Soldiers stationed in Afghanistan and Iraq typically lived and worked next to enormous pits where jet fuel was used to light batteries, plastics, rubber, chemicals, and other rubbish on fire.
Thousands of military personnel returned to the United States with cancer, neurological ailments, and various other illnesses due to their exposure to the burn pits.
In a long-awaited, broad bill mediated by Montana Sen. Jon Tester and Kansas Sen. Jerry Moran, the United States Senate agreed on Thursday to increase health care and benefits for veterans in a bipartisan vote of 84-14.
New York Democratic Senate Majority Leader Chuck Schumer warned this week that 3.5 million service members had been exposed to harmful substances over the last two decades. It is no secret that many veterans exposed to these toxic waste dumps suffered horrific conditions after returning home." However, the Veterans Administration has refused to honor roughly 80% of all disability claims involving burn pits."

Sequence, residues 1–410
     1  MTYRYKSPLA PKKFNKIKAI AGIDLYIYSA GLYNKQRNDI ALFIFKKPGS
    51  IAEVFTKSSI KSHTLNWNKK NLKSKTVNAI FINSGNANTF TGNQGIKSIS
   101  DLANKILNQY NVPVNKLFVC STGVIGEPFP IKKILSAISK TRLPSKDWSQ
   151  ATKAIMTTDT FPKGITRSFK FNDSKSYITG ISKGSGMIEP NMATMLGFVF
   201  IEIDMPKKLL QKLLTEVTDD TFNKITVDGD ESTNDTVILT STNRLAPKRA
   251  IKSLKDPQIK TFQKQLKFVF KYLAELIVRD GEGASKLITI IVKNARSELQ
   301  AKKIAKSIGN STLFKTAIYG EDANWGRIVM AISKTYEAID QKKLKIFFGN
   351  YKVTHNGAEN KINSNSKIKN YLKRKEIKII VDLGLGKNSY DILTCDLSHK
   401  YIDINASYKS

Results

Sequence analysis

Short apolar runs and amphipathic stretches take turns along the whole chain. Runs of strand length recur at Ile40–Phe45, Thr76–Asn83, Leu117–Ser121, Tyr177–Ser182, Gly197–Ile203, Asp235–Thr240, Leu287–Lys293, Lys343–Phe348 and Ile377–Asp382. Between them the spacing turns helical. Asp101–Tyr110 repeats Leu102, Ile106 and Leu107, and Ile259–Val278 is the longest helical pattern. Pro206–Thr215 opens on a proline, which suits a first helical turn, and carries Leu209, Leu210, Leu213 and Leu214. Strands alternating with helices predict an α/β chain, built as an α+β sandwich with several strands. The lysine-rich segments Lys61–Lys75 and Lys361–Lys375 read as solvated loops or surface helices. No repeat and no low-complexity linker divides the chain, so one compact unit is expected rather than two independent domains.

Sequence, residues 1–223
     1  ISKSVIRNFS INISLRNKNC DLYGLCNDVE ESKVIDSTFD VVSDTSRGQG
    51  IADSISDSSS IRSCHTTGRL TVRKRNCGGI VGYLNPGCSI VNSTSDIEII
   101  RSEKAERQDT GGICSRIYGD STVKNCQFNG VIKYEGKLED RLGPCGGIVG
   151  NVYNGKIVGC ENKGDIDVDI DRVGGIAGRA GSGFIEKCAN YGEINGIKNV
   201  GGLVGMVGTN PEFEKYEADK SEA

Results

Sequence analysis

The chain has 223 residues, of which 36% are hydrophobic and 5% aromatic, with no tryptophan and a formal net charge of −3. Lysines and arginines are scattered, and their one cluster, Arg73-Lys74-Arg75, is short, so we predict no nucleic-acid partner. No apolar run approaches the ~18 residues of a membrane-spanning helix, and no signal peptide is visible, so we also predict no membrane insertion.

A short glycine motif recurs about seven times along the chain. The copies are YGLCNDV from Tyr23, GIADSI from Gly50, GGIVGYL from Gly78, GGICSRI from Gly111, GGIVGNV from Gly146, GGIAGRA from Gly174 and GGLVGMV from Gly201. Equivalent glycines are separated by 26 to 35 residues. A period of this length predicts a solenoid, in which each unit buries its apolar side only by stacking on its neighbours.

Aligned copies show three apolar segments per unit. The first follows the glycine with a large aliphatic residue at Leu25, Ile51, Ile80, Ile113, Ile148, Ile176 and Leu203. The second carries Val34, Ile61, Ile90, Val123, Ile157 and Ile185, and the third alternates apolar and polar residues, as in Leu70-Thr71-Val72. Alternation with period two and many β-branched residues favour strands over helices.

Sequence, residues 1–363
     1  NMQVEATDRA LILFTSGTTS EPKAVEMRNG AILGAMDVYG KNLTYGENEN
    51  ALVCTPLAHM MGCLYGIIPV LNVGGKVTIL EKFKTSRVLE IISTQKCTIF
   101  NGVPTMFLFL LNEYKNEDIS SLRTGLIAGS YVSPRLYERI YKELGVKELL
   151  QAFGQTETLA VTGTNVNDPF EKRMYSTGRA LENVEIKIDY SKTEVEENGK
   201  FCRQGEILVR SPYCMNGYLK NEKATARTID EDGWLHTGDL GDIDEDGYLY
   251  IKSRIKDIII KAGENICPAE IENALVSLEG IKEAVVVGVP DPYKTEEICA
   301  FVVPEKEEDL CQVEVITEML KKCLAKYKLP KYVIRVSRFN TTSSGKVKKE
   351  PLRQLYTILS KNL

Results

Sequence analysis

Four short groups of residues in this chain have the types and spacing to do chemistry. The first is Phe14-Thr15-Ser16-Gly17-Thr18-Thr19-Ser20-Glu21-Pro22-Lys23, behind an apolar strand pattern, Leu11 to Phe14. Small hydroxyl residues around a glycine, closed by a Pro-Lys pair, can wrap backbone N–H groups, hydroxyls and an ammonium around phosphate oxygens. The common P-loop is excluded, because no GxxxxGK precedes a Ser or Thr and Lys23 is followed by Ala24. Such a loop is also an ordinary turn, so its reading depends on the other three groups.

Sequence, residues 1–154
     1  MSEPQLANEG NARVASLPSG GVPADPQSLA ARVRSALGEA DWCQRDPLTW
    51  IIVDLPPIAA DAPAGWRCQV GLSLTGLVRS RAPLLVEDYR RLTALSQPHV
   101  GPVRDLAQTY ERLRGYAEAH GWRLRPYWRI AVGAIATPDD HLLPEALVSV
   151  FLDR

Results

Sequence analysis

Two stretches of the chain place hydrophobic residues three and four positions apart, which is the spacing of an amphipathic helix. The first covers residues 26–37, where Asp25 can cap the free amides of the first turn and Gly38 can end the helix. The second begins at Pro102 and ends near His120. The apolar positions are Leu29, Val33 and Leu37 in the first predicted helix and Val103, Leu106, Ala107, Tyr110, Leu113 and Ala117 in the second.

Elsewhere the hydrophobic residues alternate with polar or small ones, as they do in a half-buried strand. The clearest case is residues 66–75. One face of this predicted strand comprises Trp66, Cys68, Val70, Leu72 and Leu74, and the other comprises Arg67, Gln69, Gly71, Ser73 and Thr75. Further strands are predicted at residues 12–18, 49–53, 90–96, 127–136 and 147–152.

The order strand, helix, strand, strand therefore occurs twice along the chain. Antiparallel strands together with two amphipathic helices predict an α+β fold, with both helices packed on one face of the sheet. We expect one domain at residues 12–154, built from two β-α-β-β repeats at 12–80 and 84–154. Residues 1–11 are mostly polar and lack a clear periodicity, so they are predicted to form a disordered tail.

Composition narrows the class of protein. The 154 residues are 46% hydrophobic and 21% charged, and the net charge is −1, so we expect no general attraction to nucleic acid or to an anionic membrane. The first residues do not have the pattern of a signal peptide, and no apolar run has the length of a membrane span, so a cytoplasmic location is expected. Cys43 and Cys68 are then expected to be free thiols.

Many veterans cannot receive health care and other benefits unless they can prove that their diseases are related to their military service.
Cancer and other diseases take years to grow, and it might be challenging to make the connection.
"Veterans exposed to toxic chemicals may not exhibit symptoms for months or even years after the fact." After voting for the bill, Sen. Roy Blunt, R-Missouri, said, "That shouldn't deter them from receiving the care and benefits they deserve."
The VA would receive more funding for its health care centers, workers, claim to process, and dangerous exposure studies.
The bill would widen presumptions for Vietnam War veterans exposed to Agent Orange, a chemical used by the military during that conflict. The list of suspected exposure sites would include American Samoa, Cambodia, Guam, Johnston Atoll, Laos, and Thailand.
After the House of Representatives passes the law, Joe Biden is expected to sign it this month.